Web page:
The design on the upper sleeves is done in VERY fine, narrow lines and looks painted/drawn/printed, not embroidered. Overall, the design is neither very prominent in appearance, nor very large on the upper sleeve piece. (See left sleeve side view for position and proportional size of design.)
Note, at other times it has been mentioned that this design is etched into the leather or embroidered... The version that we see on the traveling exhibit is just painted on. we know there is more than one version of this outfit, so we do not know if the others also are just drawn.
(The design is the one that was originally designed for her quiver - in Art of FOTR). It is very subtle and difficult to see in some shots.
The undersleeves are of a silver and cream finely pleated or crinkled silk, possibly with metallic threads. It is possibly the same fabric as the underdress in the Angel dress. The undersleeves are bell-shaped, possibly finely gathered to hold the pleats instead of being cut with a flare. They extend to about knuckle length.
Edges are not hemmed nor are they the selvage, but are simply raw with some sort of fraycheck, glue, acrylic medium, etc. keeping them from unraveling. Looking through backlit portions of the sleeves from the sides and underneath, you can see the narrow, uneven band around the edge where the fabric has been saturated with something to keep the threads in place.
The silk is connected directly to the outer dress at the seam where the two parts of the outer seam are joined. (This can be seen in the behind the scenes shot where the gloves are being laced.) In fact, the gloves may be hand tacked to the top of the sleeve for each shoot.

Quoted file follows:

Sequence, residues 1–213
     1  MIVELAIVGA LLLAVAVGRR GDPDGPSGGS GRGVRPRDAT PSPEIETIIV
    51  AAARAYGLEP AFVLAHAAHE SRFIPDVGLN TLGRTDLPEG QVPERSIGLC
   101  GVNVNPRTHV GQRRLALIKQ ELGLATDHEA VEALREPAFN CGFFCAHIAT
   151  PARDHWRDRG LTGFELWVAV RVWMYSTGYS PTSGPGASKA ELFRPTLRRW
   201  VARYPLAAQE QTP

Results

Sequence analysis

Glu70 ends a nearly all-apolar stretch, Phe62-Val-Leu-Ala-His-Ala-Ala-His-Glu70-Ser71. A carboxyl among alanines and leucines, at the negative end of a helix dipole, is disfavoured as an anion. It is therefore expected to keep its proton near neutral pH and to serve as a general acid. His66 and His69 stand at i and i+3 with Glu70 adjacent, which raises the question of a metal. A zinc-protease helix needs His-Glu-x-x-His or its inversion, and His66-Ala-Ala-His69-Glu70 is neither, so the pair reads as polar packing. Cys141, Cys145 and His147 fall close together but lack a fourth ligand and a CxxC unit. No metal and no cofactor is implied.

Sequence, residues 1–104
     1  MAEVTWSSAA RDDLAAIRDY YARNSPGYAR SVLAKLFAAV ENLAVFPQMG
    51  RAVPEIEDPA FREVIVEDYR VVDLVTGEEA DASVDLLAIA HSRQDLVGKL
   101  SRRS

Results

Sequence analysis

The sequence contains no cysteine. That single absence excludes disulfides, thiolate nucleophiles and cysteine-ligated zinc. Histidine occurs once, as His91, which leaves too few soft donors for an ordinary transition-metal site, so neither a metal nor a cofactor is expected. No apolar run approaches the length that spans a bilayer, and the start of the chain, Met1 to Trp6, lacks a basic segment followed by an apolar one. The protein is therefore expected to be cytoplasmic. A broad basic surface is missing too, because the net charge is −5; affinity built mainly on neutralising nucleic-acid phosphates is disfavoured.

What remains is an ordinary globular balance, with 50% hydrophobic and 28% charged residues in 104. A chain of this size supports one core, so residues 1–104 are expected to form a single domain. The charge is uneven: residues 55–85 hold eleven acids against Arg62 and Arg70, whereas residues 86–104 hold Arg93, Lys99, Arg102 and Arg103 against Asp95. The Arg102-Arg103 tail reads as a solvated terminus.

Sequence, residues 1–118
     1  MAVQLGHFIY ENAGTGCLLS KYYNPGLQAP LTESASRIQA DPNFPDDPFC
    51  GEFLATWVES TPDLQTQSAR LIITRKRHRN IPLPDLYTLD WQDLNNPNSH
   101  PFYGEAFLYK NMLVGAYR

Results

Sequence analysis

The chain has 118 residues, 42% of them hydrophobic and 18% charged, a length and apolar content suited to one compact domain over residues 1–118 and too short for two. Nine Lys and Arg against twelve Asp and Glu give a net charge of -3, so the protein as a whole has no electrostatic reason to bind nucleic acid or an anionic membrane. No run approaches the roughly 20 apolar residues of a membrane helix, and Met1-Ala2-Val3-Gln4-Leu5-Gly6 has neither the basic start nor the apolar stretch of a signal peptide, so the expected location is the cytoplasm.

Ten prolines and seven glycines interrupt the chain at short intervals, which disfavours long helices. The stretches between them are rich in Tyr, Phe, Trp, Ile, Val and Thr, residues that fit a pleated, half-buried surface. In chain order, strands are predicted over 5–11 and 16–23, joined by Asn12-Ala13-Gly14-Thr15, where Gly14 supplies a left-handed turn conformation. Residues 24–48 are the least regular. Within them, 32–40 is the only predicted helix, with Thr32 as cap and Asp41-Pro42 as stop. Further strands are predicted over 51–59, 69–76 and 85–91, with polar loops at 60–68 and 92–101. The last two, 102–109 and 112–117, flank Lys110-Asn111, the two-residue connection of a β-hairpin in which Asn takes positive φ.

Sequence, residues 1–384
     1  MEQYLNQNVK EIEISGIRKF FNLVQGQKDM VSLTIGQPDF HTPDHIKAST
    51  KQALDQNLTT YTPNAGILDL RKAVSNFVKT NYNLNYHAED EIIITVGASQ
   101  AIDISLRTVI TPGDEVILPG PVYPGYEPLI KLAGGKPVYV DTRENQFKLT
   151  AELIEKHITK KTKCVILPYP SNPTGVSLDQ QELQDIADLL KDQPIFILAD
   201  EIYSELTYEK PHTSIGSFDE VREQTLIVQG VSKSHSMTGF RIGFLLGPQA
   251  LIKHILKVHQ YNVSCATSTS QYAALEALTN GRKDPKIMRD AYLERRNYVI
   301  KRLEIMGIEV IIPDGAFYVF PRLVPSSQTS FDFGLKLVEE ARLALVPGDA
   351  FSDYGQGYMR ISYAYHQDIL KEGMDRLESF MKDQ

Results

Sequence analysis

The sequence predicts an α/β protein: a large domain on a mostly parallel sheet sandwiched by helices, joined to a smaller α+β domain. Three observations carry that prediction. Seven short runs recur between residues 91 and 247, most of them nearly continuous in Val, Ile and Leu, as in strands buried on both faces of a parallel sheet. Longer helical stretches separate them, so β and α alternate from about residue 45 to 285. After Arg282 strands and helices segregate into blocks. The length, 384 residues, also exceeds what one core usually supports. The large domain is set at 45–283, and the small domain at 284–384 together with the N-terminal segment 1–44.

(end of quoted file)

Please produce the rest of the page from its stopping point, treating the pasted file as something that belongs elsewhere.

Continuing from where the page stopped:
Link to the sleeve fabric from Thai Silks:
Crinkle Lurex Organza, 36" - ivory/metallic silver.
The Overskirt is the same gray suede as the bodice. It consists of four separate panels, each cut from a single hide.
The front panels curve softly upwards and meet at the centre front of the dress above the knee.
At the sides, the front panels overlap the back panels by about one and a half inches. The bottom edge is straight but the corner are just slightly curved.
The back panels of the dress appear slightly more flared than the front, from the way they drape. Except for the front, all the rest of the corners are of the skirt bottom are square cut.
The skirt panels are sewn directly to the bottom of the bodice.
The underskirts are a fine silk in a very light grey colour. Due to grading in the film and poor lighting at the exhibits, we're not sure which color exactly it is. The DVD commentary describes it as "light grey". It does show up as grayish-purple in the film. The sample swatch of the silk on the exhibit looks a little purplish compared to the suede swatch, although the skirts on the dress just look gray - *maybe* slightly lavender in comparison to the leather, but only slightly. The silk may have been given a wash in weak purple dye, but this could also be a matter of the light-reflectance quality of the silk as opposed to that of the leather.